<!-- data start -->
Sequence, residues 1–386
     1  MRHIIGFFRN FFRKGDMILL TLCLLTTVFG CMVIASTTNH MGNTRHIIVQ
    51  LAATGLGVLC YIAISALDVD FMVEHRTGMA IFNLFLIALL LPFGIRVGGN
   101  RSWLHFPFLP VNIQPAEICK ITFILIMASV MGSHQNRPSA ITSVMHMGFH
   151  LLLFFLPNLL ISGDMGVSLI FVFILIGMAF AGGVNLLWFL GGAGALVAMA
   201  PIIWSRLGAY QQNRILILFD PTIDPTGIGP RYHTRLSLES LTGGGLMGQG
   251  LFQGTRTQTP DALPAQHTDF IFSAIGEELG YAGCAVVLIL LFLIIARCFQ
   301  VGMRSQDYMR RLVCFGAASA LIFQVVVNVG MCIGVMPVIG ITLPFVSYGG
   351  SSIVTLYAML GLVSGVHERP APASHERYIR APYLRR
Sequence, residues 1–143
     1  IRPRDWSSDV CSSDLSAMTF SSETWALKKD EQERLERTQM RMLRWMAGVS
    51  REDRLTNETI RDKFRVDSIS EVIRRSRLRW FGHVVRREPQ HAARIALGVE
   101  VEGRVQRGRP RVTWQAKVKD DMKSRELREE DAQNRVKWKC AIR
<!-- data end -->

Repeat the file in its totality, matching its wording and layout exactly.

Sequence, residues 1–386
     1  MRHIIGFFRN FFRKGDMILL TLCLLTTVFG CMVIASTTNH MGNTRHIIVQ
    51  LAATGLGVLC YIAISALDVD FMVEHRTGMA IFNLFLIALL LPFGIRVGGN
   101  RSWLHFPFLP VNIQPAEICK ITFILIMASV MGSHQNRPSA ITSVMHMGFH
   151  LLLFFLPNLL ISGDMGVSLI FVFILIGMAF AGGVNLLWFL GGAGALVAMA
   201  PIIWSRLGAY QQNRILILFD PTIDPTGIGP RYHTRLSLES LTGGGLMGQG
   251  LFQGTRTQTP DALPAQHTDF IFSAIGEELG YAGCAVVLIL LFLIIARCFQ
   301  VGMRSQDYMR RLVCFGAASA LIFQVVVNVG MCIGVMPVIG ITLPFVSYGG
   351  SSIVTLYAML GLVSGVHERP APASHERYIR APYLRR
Sequence, residues 1–143
     1  IRPRDWSSDV CSSDLSAMTF SSETWALKKD EQERLERTQM RMLRWMAGVS
    51  REDRLTNETI RDKFRVDSIS EVIRRSRLRW FGHVVRREPQ HAARIALGVE
   101  VEGRVQRGRP RVTWQAKVKD DMKSRELREE DAQNRVKWKC AIR